Part Toy, Part Book: Rikhard and Ginny Laiho
“It’s important to know that pop-ups are part toy and part book,” says Ginny Laiho. When she went through training as a new docent 15 years ago, the late Dr. Jerry Mallett, then director of the Mazza Museum, opened a pop-up book to demonstrate the work of paper engineering. Her reaction was “Wow!” “When I first started working as a docent at the Mazza Museum, I was told to find a passion for something, and when Jerry opened that book, I knew that was it,” says Laiho. She became interested in the art and history of paper engineering, a field that includes die-cuts, foldouts, and moving paper in addition to pop-up illustrations. According to Laiho, paper engineering began in the 13th century as educational tools like medical books illustrating parts of the anatomy, and it wasn’t until the 1800s that pop-ups began to illustrate children’s books. Mazza is the first museum in the world that will have an entire gallery devoted to paper engineering.
Named in honor of a gift from Ginny and her husband Rikhard Laiho, the new Laiho Gallery will provide a separate space to illustrate the craftsmanship and artistry behind the engineering of these paper works of art. The exhibit includes original pieces from every step in the process, as each page becomes a part of the story. Laiho’s favorite books from artist Matthew Reinhart such as “Mommy?” about a little boy looking for his mother in a house full of monsters from mummies to Frankenstein; “Star Wars,” which includes a light saber that lights up in red and blue, and so many more will come together before guests’ eyes. Reinhart also donated to Mazza an original paper-engineered Chinese dragon over 8 feet in length from his book “Dragons & Monsters,” who Laiho has named Ming Lóng.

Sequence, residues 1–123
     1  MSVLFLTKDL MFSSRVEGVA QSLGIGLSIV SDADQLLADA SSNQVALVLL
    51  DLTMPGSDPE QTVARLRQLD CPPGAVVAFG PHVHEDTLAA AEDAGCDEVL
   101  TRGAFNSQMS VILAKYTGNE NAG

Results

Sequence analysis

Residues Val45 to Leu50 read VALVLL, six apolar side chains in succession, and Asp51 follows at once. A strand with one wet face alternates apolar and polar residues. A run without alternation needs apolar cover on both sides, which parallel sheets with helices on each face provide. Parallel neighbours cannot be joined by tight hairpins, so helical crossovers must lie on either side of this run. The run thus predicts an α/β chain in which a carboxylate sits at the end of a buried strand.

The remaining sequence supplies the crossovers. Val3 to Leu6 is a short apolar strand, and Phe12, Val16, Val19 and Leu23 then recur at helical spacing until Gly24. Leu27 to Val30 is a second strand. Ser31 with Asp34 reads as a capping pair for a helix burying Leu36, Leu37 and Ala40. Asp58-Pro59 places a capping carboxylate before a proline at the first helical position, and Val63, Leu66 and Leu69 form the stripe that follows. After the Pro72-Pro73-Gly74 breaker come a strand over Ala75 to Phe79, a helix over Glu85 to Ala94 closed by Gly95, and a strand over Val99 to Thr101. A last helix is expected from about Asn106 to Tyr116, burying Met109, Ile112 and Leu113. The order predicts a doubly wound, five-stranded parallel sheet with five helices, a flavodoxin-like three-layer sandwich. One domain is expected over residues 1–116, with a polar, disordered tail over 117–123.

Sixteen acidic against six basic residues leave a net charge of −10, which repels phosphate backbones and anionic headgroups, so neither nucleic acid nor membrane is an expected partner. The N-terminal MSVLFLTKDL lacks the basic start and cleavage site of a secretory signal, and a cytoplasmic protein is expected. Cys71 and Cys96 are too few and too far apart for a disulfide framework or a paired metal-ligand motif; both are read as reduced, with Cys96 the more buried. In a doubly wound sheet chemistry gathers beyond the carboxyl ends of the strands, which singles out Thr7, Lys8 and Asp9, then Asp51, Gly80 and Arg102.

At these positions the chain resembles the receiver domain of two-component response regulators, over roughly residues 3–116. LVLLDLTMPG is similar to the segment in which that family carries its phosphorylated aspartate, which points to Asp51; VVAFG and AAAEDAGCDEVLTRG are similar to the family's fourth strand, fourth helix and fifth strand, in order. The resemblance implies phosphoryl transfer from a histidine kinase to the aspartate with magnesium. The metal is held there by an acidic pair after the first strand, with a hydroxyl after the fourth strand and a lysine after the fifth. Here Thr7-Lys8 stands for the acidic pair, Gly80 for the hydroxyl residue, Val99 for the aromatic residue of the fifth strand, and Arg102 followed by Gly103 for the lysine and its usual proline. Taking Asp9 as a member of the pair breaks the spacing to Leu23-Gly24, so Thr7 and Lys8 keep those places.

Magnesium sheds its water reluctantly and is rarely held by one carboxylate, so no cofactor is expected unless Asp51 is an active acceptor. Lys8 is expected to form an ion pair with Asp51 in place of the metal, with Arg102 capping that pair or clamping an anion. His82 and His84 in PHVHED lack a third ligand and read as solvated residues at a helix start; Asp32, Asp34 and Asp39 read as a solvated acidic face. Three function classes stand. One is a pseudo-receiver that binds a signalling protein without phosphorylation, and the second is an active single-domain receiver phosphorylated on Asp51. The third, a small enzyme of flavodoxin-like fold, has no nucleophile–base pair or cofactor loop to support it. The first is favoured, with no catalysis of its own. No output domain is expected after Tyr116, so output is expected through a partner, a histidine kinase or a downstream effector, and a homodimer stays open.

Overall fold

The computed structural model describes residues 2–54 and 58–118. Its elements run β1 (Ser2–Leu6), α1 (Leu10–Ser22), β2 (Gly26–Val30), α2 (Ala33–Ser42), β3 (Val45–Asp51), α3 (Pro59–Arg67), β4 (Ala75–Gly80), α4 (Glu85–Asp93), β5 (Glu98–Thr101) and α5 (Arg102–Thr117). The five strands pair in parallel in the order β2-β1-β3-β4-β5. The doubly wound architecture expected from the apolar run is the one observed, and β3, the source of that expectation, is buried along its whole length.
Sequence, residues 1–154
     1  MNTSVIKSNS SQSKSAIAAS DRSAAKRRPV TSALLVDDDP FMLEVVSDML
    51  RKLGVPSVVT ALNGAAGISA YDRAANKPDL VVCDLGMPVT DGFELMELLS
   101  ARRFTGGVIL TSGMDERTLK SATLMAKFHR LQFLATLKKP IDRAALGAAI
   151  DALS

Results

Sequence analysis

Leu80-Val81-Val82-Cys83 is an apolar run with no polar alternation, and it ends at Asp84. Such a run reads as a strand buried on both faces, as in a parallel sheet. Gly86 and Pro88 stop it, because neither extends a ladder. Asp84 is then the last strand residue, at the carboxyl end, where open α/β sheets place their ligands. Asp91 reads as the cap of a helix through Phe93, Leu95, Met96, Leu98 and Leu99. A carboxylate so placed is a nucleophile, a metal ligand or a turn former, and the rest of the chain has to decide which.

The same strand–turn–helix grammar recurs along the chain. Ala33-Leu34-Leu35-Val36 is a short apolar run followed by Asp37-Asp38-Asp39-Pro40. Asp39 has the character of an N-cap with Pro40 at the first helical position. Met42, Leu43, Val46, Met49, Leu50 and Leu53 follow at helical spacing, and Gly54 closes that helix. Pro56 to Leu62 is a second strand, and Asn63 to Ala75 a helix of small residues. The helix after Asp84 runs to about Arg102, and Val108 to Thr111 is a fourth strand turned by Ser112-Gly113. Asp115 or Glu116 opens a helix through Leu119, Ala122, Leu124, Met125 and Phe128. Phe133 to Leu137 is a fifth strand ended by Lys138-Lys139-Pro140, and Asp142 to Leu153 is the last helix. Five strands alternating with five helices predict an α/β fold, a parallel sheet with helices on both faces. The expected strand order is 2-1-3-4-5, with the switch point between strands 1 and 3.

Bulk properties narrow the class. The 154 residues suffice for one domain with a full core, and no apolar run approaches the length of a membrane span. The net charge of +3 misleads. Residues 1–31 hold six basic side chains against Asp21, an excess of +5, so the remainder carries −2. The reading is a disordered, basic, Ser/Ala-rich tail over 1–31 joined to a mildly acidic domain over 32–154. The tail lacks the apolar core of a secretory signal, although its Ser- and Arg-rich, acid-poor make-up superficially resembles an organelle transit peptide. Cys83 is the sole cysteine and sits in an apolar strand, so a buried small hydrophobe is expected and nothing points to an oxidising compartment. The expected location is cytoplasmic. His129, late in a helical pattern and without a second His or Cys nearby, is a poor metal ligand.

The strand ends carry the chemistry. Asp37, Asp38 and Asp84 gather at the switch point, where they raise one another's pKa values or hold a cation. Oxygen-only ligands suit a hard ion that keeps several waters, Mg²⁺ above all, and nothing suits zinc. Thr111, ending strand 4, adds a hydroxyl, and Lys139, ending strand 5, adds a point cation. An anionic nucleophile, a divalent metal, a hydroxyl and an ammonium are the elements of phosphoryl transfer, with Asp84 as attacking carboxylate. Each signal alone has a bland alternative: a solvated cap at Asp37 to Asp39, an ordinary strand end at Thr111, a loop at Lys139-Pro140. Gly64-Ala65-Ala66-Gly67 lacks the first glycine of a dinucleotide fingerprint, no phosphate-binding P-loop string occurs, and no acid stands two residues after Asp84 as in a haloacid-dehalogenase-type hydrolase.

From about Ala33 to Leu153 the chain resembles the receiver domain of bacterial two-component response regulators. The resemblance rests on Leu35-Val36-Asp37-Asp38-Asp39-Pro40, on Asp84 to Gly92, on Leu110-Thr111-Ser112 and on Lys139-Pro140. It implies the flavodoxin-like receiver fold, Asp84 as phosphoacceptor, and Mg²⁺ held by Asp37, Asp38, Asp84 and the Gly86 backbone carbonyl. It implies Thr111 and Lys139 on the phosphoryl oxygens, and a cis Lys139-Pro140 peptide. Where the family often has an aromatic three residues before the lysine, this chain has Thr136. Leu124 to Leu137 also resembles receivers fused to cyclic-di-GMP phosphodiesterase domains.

For Laiho, an important part of her role as a docent is to convince kids to go to a museum as adults. “Taking children to museums widens their experience in everything else they do,” says Laiho. “They just light up because they’ve never experienced all this.” Laiho explained that visitors will learn the different types of pop ups and how to put a pop up book together. “Pop-up books are all put together by hand,” says Laiho. “When people leave the museum, we want them to really understand the value of these books and the time and effort that it takes to put them together.”
Photo: Matthew Reinhart with Ginny and Rikhard Laiho, their son Peter and his wife Ann at the Laiho Gallery’s grand opening.